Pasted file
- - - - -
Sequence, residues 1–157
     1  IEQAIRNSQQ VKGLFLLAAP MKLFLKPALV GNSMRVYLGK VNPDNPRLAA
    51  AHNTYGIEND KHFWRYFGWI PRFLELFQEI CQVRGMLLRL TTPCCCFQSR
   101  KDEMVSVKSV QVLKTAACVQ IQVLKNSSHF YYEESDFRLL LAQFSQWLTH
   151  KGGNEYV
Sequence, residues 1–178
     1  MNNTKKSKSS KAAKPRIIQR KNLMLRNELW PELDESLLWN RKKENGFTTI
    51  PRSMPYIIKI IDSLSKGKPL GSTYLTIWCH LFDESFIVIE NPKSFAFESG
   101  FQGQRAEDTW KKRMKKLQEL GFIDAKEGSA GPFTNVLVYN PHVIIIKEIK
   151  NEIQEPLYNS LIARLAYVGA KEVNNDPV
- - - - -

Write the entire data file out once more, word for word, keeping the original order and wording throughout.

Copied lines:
Sequence, residues 1–157
     1  IEQAIRNSQQ VKGLFLLAAP MKLFLKPALV GNSMRVYLGK VNPDNPRLAA
    51  AHNTYGIEND KHFWRYFGWI PRFLELFQEI CQVRGMLLRL TTPCCCFQSR
   101  KDEMVSVKSV QVLKTAACVQ IQVLKNSSHF YYEESDFRLL LAQFSQWLTH
   151  KGGNEYV
Sequence, residues 1–178
     1  MNNTKKSKSS KAAKPRIIQR KNLMLRNELW PELDESLLWN RKKENGFTTI
    51  PRSMPYIIKI IDSLSKGKPL GSTYLTIWCH LFDESFIVIE NPKSFAFESG
   101  FQGQRAEDTW KKRMKKLQEL GFIDAKEGSA GPFTNVLVYN PHVIIIKEIK
   151  NEIQEPLYNS LIARLAYVGA KEVNNDPV